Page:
The Jazzcat

One of our Jazz Heros "Michael Brecker" is ill and needs your help!!!!

by on Jul.21, 2005, under News




I just received additional information on Michael from his wife Susan below. If you can help at all, please do!

Michael Brecker has Myelodysplastic

Syndrome. If you wish to send cards or letters to Michael, you can do so at the

following address or email him at


ROOM 1137






YORK, NY 10021

FROM: Susan Brecker
Michael Brecker needs your help!

Dear Family and Friends,

My husband, Michael Brecker,

has been diagnosed with MDS (myelodysplastic syndrome), and it's critical that

he has a marrow or blood stem cell transplant—which has nothing to do with the

polarizing issue of embryonic stem cells. The initial search for a donor,

including Michael's siblings and children, has not resulted in a suitable match.

We now hope to have as many people tested as possible that share a similar

genetic background as my husband.  There are some important points to understand

concerning this process:

1. The screening involves only a blood test. It can be

done very easily at a donor center of the National Marrow Donor Program. The

blood test identifies your HLA tissue type. The cost for the test is generally

$40 to $95 depending on the donor center and the laboratory that completes the

test. After this initial testing, all medical expenses are paid for by the

patient or the patient’s insurance.  Go to or call

1-800-MARROW-2 to find the donor center nearest you. In NYC, call Frazier at the

NY Blood Bank [212-570-3441 / 310 East 67th Street] to make an appointment.  The

test is $40. If it’s difficult to make it to a blood center, private kits are

available from Tepnel Life Codes [800-915-3695]. Order the “HLA [A][B][DR]” kit

for $140. You will need to have a small vial of blood drawn. Indicate to Tepnel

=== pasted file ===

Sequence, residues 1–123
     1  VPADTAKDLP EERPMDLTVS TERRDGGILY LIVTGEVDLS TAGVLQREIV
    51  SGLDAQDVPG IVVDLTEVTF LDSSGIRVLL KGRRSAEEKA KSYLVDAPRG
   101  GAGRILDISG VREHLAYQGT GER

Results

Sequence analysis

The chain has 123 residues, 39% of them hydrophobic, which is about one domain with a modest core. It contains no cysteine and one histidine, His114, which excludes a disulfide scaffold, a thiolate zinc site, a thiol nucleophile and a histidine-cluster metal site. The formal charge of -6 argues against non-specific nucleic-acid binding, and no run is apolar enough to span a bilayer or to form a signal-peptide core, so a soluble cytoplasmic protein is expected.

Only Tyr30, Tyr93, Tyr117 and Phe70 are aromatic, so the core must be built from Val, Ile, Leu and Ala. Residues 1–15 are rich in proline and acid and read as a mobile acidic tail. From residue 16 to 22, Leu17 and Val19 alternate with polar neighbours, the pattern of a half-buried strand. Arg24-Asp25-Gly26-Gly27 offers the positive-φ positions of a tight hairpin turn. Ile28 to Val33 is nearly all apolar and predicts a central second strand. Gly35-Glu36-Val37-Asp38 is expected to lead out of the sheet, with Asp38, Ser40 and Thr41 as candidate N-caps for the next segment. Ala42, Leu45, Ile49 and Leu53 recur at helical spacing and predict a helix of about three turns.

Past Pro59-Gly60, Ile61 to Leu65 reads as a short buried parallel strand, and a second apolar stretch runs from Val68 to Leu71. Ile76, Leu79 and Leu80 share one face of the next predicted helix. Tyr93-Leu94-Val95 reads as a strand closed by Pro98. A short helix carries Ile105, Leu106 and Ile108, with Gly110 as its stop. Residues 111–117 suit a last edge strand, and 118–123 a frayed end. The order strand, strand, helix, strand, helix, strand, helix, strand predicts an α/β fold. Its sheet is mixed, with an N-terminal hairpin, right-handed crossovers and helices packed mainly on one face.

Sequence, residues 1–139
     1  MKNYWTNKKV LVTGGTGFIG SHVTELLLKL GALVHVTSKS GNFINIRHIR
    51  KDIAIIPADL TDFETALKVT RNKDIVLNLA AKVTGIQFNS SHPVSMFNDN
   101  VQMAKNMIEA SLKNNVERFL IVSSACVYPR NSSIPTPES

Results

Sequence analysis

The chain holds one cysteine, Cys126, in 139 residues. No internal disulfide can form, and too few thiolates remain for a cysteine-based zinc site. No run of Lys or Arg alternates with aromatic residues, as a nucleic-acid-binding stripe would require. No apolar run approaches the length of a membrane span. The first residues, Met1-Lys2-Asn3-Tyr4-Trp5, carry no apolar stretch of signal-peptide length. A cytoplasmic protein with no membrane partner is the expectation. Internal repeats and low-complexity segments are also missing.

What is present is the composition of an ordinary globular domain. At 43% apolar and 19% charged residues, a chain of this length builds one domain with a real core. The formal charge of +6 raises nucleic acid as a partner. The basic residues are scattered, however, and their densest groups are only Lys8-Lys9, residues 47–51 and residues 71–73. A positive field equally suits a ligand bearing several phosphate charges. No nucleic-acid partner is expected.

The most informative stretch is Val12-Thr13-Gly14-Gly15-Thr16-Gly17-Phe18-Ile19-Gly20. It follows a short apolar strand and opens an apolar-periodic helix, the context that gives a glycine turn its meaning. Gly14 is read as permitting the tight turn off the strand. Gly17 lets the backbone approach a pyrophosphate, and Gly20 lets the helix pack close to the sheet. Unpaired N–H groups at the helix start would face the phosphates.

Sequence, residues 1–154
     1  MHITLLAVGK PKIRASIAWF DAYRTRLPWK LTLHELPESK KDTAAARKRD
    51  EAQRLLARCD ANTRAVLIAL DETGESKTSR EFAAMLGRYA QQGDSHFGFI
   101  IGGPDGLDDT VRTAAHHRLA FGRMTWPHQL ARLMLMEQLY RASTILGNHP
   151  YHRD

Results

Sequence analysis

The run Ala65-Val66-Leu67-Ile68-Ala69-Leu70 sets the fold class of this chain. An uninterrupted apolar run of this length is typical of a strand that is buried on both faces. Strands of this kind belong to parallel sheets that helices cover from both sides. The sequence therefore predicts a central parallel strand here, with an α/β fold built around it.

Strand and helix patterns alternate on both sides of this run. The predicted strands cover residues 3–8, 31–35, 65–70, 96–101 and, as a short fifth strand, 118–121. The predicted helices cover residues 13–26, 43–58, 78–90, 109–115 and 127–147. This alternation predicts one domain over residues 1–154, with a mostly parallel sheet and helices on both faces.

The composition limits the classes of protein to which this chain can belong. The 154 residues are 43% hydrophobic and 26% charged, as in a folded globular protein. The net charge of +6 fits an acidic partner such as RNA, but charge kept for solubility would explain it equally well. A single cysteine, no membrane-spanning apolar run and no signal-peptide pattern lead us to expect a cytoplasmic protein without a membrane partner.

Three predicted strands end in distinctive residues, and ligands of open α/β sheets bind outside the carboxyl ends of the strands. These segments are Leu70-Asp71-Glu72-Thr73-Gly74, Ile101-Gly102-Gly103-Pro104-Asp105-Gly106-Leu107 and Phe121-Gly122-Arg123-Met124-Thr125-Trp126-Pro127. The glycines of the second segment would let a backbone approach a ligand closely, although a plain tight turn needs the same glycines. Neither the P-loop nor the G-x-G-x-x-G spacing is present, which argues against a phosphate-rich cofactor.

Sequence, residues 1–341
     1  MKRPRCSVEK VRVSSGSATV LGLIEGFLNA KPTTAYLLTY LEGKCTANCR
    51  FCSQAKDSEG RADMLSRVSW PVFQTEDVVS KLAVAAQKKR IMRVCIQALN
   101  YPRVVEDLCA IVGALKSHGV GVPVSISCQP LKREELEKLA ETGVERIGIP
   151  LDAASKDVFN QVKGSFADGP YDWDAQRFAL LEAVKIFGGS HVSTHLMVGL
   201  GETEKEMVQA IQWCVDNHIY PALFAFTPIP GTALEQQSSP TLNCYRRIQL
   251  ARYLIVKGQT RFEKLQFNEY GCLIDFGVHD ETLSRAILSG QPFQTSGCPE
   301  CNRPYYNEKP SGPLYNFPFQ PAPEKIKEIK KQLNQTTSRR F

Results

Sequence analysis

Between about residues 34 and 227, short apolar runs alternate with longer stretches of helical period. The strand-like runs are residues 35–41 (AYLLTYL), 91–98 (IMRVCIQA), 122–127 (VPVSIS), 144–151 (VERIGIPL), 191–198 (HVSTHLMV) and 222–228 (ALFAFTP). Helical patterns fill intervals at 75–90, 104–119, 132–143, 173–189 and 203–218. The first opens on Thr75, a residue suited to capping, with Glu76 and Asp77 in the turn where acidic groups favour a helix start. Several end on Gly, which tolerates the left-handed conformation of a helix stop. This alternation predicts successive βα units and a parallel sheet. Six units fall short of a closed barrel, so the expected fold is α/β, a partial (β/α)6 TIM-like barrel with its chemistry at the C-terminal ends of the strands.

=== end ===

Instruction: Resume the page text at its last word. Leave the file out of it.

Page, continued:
that your test is for “Michael Brecker” and they will know to whom to forward

your results.
2.  As a volunteer donor, you are never legally obligated

to donate. Individual decisions are always respected. However, a late decision

not to donate can be life-threatening to a patient and among the most

disheartening news a family can ever receive. Therefore, please carefully

consider your decision to be a donor.

3. Should you be selected as a

potential donor for Michael or any other patient, please understand that there

have been tremendous advances in “bone marrow transplants” and the term itself

can be misleading. At major cancer centers, blood stem cells can in nearly all

instances be harvested directly from your blood.  A donor is simply connected to

a machine that separates the blood stem cells before the donor’s blood reenters

his/her system. On occasion, stem cells may have to be harvested directly from

your bone marrow. All the necessary precautions are taken to ensure the safety

and well-being of the donor. A number of personal health questions are asked

when individuals join the National Marrow Donor Program Registry to be sure they

are in general good health.  In the event you’re asked to donate marrow or blood

cells, a volunteer will first receive a thorough physical examination—at no cost

to him or herself.

4. A match for Michael would be most likely come from

those of Eastern European Jewish descent. If you or anyone you know are in this

category please make a special effort to immediately get tested. Ultimately, you

would be doing something not just for Michael, but for so many more who are in a

similar situation as my husband.

5. You are now part of our internet-based drive for donor

testing.  If everyone who receives email can motivate a bunch of their friends

to get tested, and those friends then forward this email to get their friends to

get tested, we will have rapidly expanded the pool of potential donors. I urge

all of you to get tested AS SOON AS POSSIBLE.

Finally, any local National

Marrow Donor Program donor center can assist in organizing a drive for Michael,

although it would be desirable if you can get a large group, e.g. a synagogue,

to sponsor it. The “Gift of Life,” an organization whose mission is to increase

the representation of the Jewish people in the bone marrow donor pool, will test

you for free when part of a donor drive organized through “Gift of Life.”  Call

561.988.0100 [] for

further information. There exist other organizations that have a similar mission

for African Americans, Asians, Hispanics, etc.  Whatever your roots, please get

tested to assist others!
Should you have any questions about any of

this, please do not hesitate to get in touch with Michael's management office at

212.302.9200 or


Thank you

so much for your love and support. We are so grateful.